The True Story of Christopher Duntsch, aka Dr. Death, Is Horrifying
The medical career of neurosurgeon Christopher Duntsch is the stuff of horror stories, except it's very much real. After Duntsch operated on them, two patients died, and over 30 dealt with serious complications. For the longest time, Duntsch hopped from hospital to hospital without any real ramifications. The physician is the topic of Wondery's 2018 podcast Dr. Death, which is now getting the on-screen treatment on Peacock with a limited series that stars Joshua Jackson in the foreboding titular role. But even without media dramatization, the story of Christopher Duntsch is a wholly terrifying one.
Beginning work as a neurosurgeon in 2011, Duntsch appeared to be a trustworthy doctor, welcomed to the Minimally Invasive Spine Institute in Plano with a cushy $600,000 advance. He earned an M.D. and Ph.D. from the University of Tennesse Health Science Center in Memphis. He ran two labs and raised millions in grant funding. But his performance in the operating room gradually raised concerns, and several of his colleagues found him arrogant and incompetent.
Of the 37 patients that he operated on in Dallas, 33 faced complications, and two died. His negligence led to instances of extreme blood loss, vertebral artery injuries, paralysis, spinal cord injuries, misplaced hardware, and more. The two patients who died under his care were Kellie Martin and Floella Brown. Martin died from massive blood loss after receiving surgery at Baylor Plano, while Brown passed away from a sliced vertebral artery that triggered a stroke at the Dallas Medical Center. Jerry Summers, Duntsch's very own childhood friend, lost the function of his arms and legs after Duntsch performed a spinal fusion.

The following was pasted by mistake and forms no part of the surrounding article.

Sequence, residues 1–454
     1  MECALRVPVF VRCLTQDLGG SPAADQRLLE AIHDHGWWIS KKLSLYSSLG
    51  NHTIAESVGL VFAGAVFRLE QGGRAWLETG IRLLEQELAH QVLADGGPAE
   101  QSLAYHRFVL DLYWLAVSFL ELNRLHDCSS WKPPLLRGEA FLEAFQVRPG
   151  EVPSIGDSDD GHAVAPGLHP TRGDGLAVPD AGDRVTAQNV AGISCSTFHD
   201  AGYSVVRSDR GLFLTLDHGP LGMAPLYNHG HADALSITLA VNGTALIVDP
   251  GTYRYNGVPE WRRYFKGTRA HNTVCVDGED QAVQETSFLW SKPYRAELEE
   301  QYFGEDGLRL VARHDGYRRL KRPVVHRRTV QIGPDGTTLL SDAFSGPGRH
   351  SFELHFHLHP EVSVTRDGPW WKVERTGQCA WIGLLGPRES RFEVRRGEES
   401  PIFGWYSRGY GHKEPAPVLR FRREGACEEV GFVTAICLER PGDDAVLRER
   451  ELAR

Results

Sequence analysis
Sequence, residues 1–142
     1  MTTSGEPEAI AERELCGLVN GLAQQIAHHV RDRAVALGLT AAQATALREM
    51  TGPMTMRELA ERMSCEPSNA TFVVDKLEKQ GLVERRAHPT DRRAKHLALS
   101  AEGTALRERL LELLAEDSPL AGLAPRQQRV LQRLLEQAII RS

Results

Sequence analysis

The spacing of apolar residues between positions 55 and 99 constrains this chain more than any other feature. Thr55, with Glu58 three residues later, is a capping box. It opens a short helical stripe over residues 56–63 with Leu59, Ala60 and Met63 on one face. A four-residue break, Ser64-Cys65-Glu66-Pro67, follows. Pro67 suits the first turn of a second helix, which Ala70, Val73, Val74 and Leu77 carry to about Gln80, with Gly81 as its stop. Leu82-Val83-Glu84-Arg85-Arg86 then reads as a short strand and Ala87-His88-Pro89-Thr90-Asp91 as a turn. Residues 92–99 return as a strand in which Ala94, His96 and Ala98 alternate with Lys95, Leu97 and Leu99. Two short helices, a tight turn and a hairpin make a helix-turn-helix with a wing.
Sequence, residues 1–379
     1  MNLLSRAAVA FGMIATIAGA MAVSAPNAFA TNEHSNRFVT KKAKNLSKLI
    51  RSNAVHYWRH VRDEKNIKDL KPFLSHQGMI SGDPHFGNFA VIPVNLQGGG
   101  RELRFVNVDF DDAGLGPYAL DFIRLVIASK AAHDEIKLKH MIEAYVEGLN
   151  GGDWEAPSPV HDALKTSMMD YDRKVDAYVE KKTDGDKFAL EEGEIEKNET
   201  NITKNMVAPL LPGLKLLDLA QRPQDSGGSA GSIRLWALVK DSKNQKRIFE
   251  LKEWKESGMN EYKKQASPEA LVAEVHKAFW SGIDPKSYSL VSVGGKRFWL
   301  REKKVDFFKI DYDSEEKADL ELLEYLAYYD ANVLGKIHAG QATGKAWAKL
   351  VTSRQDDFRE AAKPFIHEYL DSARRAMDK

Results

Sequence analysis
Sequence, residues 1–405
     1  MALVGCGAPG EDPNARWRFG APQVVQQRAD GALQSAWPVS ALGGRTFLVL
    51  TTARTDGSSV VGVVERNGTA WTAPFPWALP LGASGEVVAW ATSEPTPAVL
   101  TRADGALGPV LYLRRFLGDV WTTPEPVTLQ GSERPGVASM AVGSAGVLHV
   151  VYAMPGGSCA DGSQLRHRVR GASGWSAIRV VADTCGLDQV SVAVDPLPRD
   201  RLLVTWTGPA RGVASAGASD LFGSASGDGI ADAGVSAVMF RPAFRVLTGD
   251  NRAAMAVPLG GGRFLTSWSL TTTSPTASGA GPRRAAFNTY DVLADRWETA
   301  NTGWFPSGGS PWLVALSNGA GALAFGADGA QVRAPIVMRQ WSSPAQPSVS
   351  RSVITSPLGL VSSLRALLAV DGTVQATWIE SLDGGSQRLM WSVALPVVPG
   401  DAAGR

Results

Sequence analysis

Over the years, Duntsch went from hospital to hospital without receiving any real repercussions for botched surgeries. After colleagues reported his negligence, he'd resign and move elsewhere to practice surgery. Most places didn't want to deal with the legal exposure of firing Duntsch, so they let him quit. His colleagues, Dr. Robert Henderson and Dr. Randall Kirby, persistently lobbied against Duntsch until the Texas Medical Board finally suspended and revoked his license in 2013.
Lawsuits brought to light Duntsch's troubles with substance abuse. Friends said that he took cocaine and LSD with them, sometimes even before he went on rounds at work. Over the next few years, Duntsch underwent a series of arrests — he was caught driving under the influence, jumping the fence of his ex-partner's sister's home, and stealing $887.30 worth of Walmart merchandise.
In 2015, Duntsch was formally taken into custody. He faced five counts of aggravated assault with a deadly weapon (his hands and surgical tools) and one of harming an elderly person. Duntsch's case went to trial for his botched surgery on Mary Efurd, who was supposed to have two vertebrae linked with a metal plate. Duntsch amputated her nerve root and left multiple screw holes in the wrong locations, causing her pain and paralysis.
Duntsch was found guilty of intentionally causing serious bodily injury to an elderly person. In Feb. 2017, he received a sentence to life in prison. Duntsch, who is 49, will not be eligible for parole until 2045.